Book review:
Shuggie Bain by Douglas Stewart
A modern day version of Growing up in the Gorbals. The sad side of Glasgow. Booker Prize winner.

Book review:
Girl, Woman, Other by Bernadine Evaristo
The lives of twelve British black women, their friends and experiences, remarkably told with clarity and wit. Cool book.

Book review:
Pure by Andrew Miller
A pre-revolutionary Parisian necropolis is leaking centuries of effluent onto the streets. Jean-Baptiste is sent to clean it up. Go wallow.

Book review:
Happiness by Aminattta Forna
A psychologist from Ghana and biologist from Chicago meet on Waterloo Bridge and slowly, via foxes and a lost child, come together.

Book review:
This Farming Life by Tim Saunders
A poet farmer and a farm that’s been in the the family five generations. This is NZ. Terrific.

Book review:
Hamnet by Maggie O’Farrell
A story about Shakespeare’s family and spooky wife. Lyrical. Not enough bard.

Book review:
The Silence of Snow and a Trio of Sophies, by Eileen Merriman
Two fast paced compulsive reads, one YA one adult. Read anything by Merriman.

Book review:
No Friend but the Mountain, by Behrouz Boochani
True story of how this remarkable man comes to be living in New Zealand. Difficult, essential reading.

Book review:
The Telegram, by Philippa Werry
YA fiction bicycling through small town NZ during WWI delivering news. Mostly bad. Well told history for young readers.

Book review:
The Dickens Boy, by Tom Keneally
Loved this. Charles Dicken’s youngest son goes to Australia. Very well told.

Book review:
Hell Ship, by Michael Veitch
Lots of detail on colonial immigration and not enough of the high sea. More non-fiction than fiction. But fascinating.

The Bell in the Lake by Lars Mytting

Book review:
The Bell in the Lake, by Lars Mytting
Norway, 1880. So cold you need to wrap yourself in a blanket to read it.

Book review:
Jerningham, by Cristina Sanders
Bit weird to review my own book, so here’s one from the outside.

Tidelands Philippa Gregory

Book review:
Tidelands, by Philippa Gregory
Good if you’re a Gregory fan. Probably not if you’re not.

American Dirt Jeanine Cummin

Book review:
American Dirt, Jeanine Cummins
Harsh reality of of woman and her son fleeing from a Mexican gangster

Pachinko by Min Jin Lee

Book review:
Pachinko, by Min Jin Lee
Why did Koreans emigrate to Japan and what happened to them when they got there? Be transported

Lennys book of everything by Karen Foxlee

Book review:
Lenny’s book of everything, by Karen Foxlee
Loved this story of a girl whose brother doesn’t stop growing. Harrowing and funny.

Where the Crawdads Sing by Selia Owens

Book review:
Where the Crawdads Sing, by Delia Owens
Ma’s gone wearin’ her gator shoes. It’s a sho’-nuff mess. Jump into the mud marsh. Brilliant book.

Dear Vincent by Mandy Hager

Book review:
Dear Vincent, by Mandy Hager
A beautiful and uplifting book about depression and suicide for young adult readers, with Van Gogh as a muse.

Aue by Becky Manawatu

Book review:
Auē, by Becky Manawatu
Gusty story of an orphaned boy and a family growing up in NZ’s gang culture. Frightening, real, lovable (in parts). Very readable.

Spearo by Mary-anne Scott

Book review:
Spearo, by Mary-anne Scott
Fascinating book about the art of spearfishing (among other things) for teens. If I’d read this before seeing Jaws I would have been a Spearo

Dutch House by Patchett review

Book review:
The Dutch House, by Ann Patchett
A house and family, but the essence of this is a boy’s regard for his sister. It’s fabulous

Damascus by Tsiolkas review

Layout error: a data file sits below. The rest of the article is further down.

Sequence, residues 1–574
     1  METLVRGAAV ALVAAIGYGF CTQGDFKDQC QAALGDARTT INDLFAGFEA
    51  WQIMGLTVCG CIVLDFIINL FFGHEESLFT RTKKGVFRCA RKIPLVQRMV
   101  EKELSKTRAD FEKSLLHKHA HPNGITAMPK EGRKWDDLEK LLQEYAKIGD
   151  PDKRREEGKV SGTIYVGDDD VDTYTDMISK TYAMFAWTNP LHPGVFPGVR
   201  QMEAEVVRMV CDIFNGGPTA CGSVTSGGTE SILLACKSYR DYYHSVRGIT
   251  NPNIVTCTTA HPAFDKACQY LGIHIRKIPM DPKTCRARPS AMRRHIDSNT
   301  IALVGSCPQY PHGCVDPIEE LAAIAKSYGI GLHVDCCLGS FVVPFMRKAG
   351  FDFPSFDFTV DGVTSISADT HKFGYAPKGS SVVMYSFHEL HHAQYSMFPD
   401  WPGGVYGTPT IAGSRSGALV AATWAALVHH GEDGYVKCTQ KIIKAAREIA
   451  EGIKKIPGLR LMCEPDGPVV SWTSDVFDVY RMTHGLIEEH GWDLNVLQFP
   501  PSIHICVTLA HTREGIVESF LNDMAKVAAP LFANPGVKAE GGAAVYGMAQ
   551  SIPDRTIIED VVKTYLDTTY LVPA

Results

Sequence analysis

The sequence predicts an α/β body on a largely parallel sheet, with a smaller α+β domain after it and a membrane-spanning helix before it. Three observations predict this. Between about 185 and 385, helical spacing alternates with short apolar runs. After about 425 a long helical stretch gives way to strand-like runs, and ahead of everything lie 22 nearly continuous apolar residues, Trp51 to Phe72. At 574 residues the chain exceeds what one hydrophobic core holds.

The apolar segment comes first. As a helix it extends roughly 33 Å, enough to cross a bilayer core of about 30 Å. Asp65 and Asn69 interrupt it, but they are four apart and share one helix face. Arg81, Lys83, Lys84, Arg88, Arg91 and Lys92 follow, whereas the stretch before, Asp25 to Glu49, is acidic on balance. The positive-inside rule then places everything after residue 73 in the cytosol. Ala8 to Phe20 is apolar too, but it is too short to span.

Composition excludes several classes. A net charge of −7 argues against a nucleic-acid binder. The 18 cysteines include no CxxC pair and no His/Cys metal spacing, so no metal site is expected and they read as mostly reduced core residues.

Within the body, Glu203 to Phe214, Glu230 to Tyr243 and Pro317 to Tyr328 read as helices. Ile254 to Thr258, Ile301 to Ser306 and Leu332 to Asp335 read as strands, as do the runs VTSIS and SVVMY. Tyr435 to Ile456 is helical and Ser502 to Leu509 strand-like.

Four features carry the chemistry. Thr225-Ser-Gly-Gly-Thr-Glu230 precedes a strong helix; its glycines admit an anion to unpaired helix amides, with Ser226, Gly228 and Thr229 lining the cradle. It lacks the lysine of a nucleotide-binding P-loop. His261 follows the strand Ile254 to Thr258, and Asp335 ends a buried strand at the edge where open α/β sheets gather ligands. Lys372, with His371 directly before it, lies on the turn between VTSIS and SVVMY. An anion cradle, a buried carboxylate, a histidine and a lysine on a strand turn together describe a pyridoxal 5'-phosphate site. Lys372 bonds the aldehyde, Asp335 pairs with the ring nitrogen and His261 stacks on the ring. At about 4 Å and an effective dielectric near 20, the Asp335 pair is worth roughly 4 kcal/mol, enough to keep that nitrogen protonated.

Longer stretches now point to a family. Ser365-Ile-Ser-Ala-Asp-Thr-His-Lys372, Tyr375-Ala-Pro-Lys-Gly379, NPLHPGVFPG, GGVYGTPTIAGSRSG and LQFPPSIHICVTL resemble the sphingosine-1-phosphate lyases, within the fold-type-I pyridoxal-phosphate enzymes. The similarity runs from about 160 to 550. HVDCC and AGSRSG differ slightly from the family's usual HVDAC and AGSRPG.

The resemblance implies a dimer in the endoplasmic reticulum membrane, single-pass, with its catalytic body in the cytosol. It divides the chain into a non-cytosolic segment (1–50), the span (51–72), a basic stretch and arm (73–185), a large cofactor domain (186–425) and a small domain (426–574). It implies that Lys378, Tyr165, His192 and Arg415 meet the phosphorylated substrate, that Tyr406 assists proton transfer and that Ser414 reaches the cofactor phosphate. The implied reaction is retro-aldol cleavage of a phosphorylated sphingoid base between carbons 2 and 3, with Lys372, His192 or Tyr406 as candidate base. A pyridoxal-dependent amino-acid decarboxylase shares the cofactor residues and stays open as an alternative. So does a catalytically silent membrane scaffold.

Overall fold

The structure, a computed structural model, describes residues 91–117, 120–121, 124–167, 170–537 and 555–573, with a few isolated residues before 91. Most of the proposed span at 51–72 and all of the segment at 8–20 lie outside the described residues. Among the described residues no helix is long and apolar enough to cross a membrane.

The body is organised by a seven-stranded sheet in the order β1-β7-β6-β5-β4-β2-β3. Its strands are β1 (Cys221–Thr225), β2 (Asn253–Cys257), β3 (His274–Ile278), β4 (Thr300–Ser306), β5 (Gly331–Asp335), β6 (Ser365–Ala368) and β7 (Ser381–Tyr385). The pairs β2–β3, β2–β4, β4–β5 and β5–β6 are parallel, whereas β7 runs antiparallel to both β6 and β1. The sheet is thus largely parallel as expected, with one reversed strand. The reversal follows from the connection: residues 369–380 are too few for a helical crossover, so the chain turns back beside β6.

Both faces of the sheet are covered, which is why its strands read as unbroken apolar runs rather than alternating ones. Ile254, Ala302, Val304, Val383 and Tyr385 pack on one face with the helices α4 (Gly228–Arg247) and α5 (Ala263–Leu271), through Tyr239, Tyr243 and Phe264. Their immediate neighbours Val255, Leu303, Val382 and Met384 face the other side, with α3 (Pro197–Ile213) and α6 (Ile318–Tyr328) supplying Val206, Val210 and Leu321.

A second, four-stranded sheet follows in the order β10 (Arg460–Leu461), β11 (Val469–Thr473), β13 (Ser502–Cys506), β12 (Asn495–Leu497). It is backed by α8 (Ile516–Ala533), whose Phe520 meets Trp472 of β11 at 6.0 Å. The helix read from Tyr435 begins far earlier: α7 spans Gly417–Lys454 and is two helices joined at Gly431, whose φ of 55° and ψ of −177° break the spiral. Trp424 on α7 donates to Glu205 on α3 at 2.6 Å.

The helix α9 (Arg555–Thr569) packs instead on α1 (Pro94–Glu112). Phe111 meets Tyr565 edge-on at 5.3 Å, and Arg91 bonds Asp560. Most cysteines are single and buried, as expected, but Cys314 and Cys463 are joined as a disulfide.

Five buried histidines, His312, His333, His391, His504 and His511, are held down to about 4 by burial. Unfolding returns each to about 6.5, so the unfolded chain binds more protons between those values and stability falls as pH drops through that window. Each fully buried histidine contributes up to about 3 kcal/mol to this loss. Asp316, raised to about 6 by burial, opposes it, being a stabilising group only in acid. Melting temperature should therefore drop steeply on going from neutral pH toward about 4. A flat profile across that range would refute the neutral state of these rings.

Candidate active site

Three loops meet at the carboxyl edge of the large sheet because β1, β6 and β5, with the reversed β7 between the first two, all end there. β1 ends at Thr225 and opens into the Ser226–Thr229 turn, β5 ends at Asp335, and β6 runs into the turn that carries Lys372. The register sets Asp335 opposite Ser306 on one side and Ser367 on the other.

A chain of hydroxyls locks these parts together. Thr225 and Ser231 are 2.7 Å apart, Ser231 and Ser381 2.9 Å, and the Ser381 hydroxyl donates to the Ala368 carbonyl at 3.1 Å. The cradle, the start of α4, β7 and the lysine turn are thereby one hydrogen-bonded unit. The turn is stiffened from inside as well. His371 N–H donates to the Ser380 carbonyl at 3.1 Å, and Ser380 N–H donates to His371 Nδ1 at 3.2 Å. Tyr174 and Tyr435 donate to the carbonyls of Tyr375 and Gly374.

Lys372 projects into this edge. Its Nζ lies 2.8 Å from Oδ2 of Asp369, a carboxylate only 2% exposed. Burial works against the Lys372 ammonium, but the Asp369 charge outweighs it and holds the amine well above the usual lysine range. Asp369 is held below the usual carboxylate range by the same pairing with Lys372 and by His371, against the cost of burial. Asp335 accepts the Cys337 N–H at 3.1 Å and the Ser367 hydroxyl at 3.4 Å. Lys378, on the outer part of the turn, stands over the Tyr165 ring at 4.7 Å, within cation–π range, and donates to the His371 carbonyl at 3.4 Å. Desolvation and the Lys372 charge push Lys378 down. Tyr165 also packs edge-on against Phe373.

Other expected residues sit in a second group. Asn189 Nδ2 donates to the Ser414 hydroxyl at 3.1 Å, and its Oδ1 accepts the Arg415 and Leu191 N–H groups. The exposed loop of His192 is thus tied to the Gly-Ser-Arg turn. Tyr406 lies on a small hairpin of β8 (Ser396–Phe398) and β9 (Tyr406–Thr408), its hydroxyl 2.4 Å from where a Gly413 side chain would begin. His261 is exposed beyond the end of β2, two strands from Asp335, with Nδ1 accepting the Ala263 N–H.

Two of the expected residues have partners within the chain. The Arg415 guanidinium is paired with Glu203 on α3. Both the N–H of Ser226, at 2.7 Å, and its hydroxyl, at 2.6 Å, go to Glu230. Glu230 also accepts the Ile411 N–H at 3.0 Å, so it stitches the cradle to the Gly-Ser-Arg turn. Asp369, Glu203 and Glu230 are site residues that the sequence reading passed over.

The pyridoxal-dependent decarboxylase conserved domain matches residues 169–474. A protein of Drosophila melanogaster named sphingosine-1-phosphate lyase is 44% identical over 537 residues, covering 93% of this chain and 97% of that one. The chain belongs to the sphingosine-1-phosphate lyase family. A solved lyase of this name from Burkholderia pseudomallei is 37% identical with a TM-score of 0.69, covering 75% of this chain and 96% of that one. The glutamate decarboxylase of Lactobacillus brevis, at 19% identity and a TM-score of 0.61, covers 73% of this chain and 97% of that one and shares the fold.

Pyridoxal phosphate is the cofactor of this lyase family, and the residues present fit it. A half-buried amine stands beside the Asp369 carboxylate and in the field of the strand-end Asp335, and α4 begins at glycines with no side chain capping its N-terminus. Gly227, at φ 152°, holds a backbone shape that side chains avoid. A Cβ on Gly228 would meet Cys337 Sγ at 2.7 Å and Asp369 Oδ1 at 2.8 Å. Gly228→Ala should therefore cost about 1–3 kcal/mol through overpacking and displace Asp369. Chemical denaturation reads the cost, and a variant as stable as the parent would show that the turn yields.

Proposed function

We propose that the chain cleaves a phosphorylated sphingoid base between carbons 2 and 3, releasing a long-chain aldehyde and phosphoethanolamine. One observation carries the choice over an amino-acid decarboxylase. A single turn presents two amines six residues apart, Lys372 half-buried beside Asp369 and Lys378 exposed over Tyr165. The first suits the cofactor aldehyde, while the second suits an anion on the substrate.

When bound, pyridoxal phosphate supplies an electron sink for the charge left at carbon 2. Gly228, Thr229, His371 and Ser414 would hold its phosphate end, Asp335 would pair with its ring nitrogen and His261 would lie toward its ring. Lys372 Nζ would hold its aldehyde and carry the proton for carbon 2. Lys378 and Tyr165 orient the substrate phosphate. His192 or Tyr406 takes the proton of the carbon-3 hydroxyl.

Book review:
Damascus, by Christos Tsiolkas
A horrible book that revels in inhumanity. It prompted thoughts on the growth of empathy.

Singing the trail by John McCrystal

Book review:
Singing the Trail, by John McCrystal
The best reference book ever. Old NZ maps, meticulously researched and beautifully presented.

sapiens by Harari review

Book review:
Sapiens, by Yuval Noah Harari
A textbook for the modern age, explaining our story. Read it, talk about it, find your own conclusions.

The Music shop Rachel Joyce review

Book review:
The Music Shop, Sweet and fey. If that’s your style, here’s your book.

Washington Black by Esi Edugyan review

Book review:
Washington Black, by Esi Edugyan
A boy breaks out of slavery, but it’s not quite that simple.

Before We Were Yours by Lisa Wingate review

Book review:
Before We Were Yours, by Lisa Wingate.
Half of this book was excellent. Holiday more than book club.

Adventures of Tupaia

Book review:
The Adventures of Tupaia, by Meredith & Tait. Tupaia’s story, an important part of history, is well told here. Share with your youngsters.

Call me Evie by J P Pomare

Book review:
Call me Evie, by J P Pomare.
A clever thriller, chilling but never gratuitous, with more twists than a remote country road.

Cook's Cook Gavin Bishop

Book review:
Cook’s Cook, by Gavin Bishop
The cook who cooked for Captain Cook, a sophisticated cartoon style children’s history.

Boy Swallows Universe by Trent Dalton review

Book review:
Boy Swallows Universe, by Trent Dalton
Three words for a story. Hitler Invades Poland. Oswald Kills Kennedy. Man Conquers Moon. Boy Swallows Universe

Taking the Long Road to Cairo Ann Balcombe

Book review:
Taking the Long Road to Cairo, by Ann Balcombe. Sail the high seas, face house arrest in apartheid era South Africa, hitch from Cape to Cairo. I wish I’d had this courage.

Book review:
See you in September, by Charity Norman
A cold hitch-hiker accepts a lift with a welcoming bunch of hippies and chills out with them for a few days. It’s NZ, right? Hardly sinister…

Book review:
Less, by Andrew Sean Greer
A charming, gay, middle-aged man’s Eat, Pray Love journey of recovery. Less self-indulgent and beautifully written.

Book review:
Everyone Brave is Forgiven, Chris Cleave
Whip smart English story of four young English people in WW2. Cleave is a genius.

Book review:
Attraction, Ruby Porter
A stylish read about complicated young women on a roadie. Very kiwi. 

Book review:
An Officer and a Spy, Robert Harris
If you’re going to read a spy thriller, might as well make it a true one, or what’s the point?

Book review:
Lincoln in the Bardo, George Sanders
Weird, in a Booker prize-winning way. Odd format, not much plot, lots of character. For brainy people, probably.  

Sally Rooney
Book review:
Conversations with Friends & Normal People, Sally Rooney
Happily recommending these to all my girlfriends. Remember being 21? More…